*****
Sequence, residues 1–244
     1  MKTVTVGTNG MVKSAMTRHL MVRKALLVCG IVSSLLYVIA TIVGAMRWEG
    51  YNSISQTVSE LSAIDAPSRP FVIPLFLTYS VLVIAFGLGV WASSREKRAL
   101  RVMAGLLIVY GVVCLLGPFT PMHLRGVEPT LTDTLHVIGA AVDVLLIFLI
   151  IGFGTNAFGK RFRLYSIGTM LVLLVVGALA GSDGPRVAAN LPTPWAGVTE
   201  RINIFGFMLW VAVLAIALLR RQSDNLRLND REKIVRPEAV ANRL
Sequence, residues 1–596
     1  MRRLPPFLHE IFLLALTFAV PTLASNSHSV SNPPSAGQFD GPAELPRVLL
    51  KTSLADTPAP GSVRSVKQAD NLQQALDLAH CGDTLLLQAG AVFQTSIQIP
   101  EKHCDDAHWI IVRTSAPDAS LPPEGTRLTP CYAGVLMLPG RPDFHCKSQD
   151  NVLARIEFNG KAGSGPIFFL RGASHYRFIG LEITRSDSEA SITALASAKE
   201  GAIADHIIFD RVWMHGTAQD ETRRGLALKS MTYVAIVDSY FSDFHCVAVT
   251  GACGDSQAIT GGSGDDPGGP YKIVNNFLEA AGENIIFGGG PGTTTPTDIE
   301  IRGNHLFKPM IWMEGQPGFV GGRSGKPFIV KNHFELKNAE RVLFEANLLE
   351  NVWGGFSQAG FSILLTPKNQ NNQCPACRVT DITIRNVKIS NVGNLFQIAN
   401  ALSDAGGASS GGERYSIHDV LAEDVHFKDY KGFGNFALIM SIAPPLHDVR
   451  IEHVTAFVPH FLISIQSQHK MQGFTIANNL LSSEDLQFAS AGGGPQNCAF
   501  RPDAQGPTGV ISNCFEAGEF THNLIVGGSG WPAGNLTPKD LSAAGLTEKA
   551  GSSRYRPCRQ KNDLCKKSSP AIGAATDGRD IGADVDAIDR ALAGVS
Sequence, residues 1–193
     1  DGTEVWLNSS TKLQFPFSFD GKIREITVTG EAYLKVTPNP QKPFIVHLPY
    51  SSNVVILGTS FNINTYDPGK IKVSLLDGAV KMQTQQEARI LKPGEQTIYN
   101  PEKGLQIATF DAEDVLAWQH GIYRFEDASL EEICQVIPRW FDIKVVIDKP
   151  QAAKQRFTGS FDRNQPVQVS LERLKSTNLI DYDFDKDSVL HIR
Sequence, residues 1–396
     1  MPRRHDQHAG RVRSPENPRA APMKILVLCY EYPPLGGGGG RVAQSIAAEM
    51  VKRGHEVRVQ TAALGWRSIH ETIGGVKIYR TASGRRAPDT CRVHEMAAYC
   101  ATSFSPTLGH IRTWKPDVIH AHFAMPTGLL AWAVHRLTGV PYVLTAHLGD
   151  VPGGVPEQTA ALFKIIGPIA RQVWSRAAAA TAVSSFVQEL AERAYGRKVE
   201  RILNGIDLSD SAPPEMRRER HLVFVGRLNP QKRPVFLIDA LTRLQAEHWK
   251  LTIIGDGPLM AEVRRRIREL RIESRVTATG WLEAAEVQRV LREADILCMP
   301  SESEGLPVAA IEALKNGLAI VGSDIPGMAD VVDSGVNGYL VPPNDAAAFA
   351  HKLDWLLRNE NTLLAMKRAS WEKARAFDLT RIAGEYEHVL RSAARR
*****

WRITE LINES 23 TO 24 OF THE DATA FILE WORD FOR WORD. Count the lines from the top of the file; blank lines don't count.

   101  PEKGLQIATF DAEDVLAWQH GIYRFEDASL EEICQVIPRW FDIKVVIDKP
   151  QAAKQRFTGS FDRNQPVQVS LERLKSTNLI DYDFDKDSVL HIR